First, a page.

There is a special pleasure that comes with being recognized, when the spotlight shines on your hard work and turns it into a moment of glory. Nowadays, those moments can be broadcast instantly across the globe since most of us are plugged into our digital devices constantly. Your rising star can be shot into the limelight through the many outlets of social networking and internet sites.
You have a book you want to publish? While the publishing industry reinvents itself, you can put your e-book online and be an instant author. You have a song, or a whole album full of songs, you want heard? Put them online. You have opinions and insights that you’re sure everyone is waiting to hear? Roll out your blog. Got nothing you want to share with the world? How about voting for somebody else’s big moment? The next American Idol, the next big star with the X Factor, the next big Voice is dependent on your vote.
Suddenly, everyone counts. Everyone has a say in what’s happening. What does it all mean?
We all want to be seen, to be known, to be recognized for who we are. In fact, we not only want it, we need it. Social acceptance is the cornerstone of our self-concept, the vital ingredient in cooking up a positive identity. We thrive when others look at us with high regard. Every kindergarten teacher knows this.
But nowadays we live in a virtual world. We often have “virtual dates” before we ever meet face to face. In a world that pushes us to accomplish more and more on a daily basis—tackling overwhelming to-do lists while taking in more and faster images and information than ever before—the human dimension of seeing and appreciating each others’ unique gifts can shrink. With our fingers poised over a keyboard and our eyes glued to a screen, the river of kindness and care that should flow between individuals, the simple act of listening to and expressing gratitude for one another, can dry up. You can be left with an unnamed thirst for real connection to another human being.
We are, after all, social creatures who thrive when we have a sense that we belong. To the degree we lack a vital sense of belonging, we can feel isolated, alienated from any social network. When we are listened to and heard, our biochemistry stabilizes. Empathy is a healing force, yet a society that is constantly on “push” mode runs roughshod over our vulnerability, the space we need in order to really hear someone else. For many a fame- and attention-seeker, the need to grab the limelight is a symptom of a much deeper desire.
Perhaps this explains the growing fascination with grabbing that coveted 15 minutes of fame. American Idol and its clones, reality TV, Facebook, Twitter, and You Tube all feed into the collective thirst for belonging. But does that 15 minutes of fame or a 140-character rave review really quench your deep thirst? Or is it a substitute for the real thing—a deep soul connection that satisfies your true longing to be embraced in your wholeness.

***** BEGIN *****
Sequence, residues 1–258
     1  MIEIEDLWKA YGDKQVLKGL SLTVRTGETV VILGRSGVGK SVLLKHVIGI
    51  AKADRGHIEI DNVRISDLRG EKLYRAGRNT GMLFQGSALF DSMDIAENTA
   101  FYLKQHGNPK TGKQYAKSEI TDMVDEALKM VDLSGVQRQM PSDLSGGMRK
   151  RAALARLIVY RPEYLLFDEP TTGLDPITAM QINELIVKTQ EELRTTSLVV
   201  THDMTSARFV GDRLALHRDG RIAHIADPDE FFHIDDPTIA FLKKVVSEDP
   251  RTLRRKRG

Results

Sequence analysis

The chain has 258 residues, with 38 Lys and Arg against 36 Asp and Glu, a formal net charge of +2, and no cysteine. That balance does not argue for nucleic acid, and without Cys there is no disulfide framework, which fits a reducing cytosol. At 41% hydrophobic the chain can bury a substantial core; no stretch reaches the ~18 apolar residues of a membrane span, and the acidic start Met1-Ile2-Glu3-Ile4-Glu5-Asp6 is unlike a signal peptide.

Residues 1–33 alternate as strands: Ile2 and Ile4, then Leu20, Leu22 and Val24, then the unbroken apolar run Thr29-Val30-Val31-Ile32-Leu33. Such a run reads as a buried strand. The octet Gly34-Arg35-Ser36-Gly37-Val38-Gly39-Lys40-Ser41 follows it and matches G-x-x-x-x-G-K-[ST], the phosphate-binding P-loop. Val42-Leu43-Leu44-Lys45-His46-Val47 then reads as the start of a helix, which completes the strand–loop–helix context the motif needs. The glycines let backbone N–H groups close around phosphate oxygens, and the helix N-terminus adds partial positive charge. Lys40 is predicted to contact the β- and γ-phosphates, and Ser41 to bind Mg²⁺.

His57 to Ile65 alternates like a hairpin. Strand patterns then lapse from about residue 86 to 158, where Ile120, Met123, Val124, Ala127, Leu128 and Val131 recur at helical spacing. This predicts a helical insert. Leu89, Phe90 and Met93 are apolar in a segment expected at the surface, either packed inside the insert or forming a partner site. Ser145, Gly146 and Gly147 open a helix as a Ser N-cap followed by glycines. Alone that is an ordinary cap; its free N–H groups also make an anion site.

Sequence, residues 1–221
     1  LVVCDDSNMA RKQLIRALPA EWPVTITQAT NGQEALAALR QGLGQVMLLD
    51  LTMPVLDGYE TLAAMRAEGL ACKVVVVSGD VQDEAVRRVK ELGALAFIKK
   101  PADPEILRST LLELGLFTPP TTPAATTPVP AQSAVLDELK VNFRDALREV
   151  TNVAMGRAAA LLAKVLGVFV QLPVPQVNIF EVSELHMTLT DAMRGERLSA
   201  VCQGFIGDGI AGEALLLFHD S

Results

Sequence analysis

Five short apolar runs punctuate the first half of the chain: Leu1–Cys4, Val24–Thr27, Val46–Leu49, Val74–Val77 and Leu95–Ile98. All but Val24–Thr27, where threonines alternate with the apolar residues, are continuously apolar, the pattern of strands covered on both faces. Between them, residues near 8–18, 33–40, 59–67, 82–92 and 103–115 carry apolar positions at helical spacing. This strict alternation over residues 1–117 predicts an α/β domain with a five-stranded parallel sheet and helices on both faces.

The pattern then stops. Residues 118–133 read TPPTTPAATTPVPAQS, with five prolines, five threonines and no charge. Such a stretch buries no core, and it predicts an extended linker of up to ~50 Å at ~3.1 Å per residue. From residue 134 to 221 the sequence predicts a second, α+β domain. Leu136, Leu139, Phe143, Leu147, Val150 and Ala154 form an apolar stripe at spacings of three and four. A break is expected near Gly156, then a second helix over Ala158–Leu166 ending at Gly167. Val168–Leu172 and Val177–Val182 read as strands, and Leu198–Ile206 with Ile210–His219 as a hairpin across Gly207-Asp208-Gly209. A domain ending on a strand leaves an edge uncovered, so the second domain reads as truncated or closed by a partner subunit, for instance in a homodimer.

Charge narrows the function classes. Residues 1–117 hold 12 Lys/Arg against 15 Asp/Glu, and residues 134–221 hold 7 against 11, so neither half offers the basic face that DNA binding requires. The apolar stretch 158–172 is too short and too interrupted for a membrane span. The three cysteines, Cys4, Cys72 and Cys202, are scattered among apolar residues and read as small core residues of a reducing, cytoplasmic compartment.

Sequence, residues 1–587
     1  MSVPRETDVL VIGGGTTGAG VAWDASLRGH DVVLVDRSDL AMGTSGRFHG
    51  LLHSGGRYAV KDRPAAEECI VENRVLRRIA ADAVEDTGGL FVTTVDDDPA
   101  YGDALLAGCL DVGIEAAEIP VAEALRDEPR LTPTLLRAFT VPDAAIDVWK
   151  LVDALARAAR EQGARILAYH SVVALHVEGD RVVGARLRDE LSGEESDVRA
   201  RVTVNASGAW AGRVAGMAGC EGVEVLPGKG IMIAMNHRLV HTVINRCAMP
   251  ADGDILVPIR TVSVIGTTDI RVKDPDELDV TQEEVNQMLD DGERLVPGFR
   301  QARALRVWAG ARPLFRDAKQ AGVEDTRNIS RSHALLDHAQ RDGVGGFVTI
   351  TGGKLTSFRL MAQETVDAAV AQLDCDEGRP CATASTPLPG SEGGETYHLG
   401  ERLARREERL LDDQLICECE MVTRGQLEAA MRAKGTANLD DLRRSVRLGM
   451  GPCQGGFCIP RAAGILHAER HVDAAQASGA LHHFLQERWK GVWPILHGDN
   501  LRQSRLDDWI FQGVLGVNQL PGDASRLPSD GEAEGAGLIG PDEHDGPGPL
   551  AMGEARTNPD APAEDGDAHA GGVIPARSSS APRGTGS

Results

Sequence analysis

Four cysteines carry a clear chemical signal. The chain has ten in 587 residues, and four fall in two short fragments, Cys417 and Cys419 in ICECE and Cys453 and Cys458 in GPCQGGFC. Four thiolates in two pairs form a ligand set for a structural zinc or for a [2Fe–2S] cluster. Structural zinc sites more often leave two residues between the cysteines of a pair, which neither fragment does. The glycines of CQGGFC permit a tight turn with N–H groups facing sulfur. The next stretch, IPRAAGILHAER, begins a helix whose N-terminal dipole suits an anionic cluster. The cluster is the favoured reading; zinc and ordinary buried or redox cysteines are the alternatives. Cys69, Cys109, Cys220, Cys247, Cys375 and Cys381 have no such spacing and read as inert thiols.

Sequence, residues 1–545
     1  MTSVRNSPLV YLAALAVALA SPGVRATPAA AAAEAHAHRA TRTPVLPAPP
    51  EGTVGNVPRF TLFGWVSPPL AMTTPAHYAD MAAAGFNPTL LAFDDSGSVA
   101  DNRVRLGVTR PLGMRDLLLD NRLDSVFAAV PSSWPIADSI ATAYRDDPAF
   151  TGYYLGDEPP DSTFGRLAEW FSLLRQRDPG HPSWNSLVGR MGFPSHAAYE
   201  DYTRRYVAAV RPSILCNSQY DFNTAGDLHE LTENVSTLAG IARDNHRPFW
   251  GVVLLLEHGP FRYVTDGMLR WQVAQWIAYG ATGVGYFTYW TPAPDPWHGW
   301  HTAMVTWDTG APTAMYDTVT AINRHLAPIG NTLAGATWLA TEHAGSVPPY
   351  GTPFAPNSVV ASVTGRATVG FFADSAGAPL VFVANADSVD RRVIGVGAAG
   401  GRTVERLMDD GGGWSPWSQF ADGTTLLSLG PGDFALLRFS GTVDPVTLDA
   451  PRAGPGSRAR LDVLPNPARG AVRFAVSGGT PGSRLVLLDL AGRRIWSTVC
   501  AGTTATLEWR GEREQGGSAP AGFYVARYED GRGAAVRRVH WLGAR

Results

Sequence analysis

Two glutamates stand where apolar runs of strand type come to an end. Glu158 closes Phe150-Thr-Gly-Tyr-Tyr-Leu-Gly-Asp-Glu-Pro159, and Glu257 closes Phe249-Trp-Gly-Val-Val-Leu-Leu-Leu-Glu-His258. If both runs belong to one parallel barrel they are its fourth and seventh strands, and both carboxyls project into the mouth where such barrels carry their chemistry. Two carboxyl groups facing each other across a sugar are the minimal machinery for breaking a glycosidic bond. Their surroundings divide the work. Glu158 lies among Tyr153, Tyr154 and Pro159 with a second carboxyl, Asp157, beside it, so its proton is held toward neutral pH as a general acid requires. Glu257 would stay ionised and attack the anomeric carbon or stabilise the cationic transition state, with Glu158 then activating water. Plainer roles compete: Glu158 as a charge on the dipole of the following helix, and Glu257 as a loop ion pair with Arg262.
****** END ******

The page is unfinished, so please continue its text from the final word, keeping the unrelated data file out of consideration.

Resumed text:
A powerful practice that can break your sense of isolation and heal the place where you feel alienated is expressed in a bumper sticker slogan: Practice Random Acts of Kindness. This is the most basic means by which you can be the change you want to see in the world.
Next time you feel impatient or angry toward a stranger—you know, one of those people you are not “friends” with—try this experiment. Challenge yourself to let go of any negative interpretations of another’s behavior and give him or her the benefit of the doubt. Even though your knee-jerk response may be annoyance or frustration, note that you are assuming ill-will on their part. Did you respond in kind without much thought? For example, if someone cuts you off on the freeway, watch your reaction closely. Do you automatically shout, “You %&#@!”? Do you pre-suppose the driver did this to annoy you, rather than considering that perhaps you were in his blind spot when he went to change lanes? Or that he’s so upset about his father’s recent passing, that’s he’s blind with grief?
What we often don’t realize is that when we react with anger or annoyance toward another, when we judge or are unkind toward another, we also hurt ourselves. That’s right, you hurt yourself with judgment because the ill-will is occurring in your mind. Think about it. You judge another harshly, you zoom in on their faults, tally up the score, and decide they have in one way or another failed or lost. What have you gained? A sense of superiority? A boost in your confidence at the expense of hers? And what is the state of your mind? Are you full of love and peace and understanding? The truth of this situation can give you a new and, in a sense, entirely selfish motivation for practicing kindness.
Here’s another experiment. The next time you catch yourself judging someone, shift your attention and focus on what is beautiful or skillful about that person. Zoom in on details that can be celebrated and encouraged. Offer that person your approval by seeing him or her in the highest light possible. Now take note of the condition of your mind. You have just tapped into what I like to think of as the river of Ultimate Approval.
You have within your heart and mind the ability to quench that deep thirst for being seen, for being recognized for who you are, and the best way to start is simply to give your approval to someone else.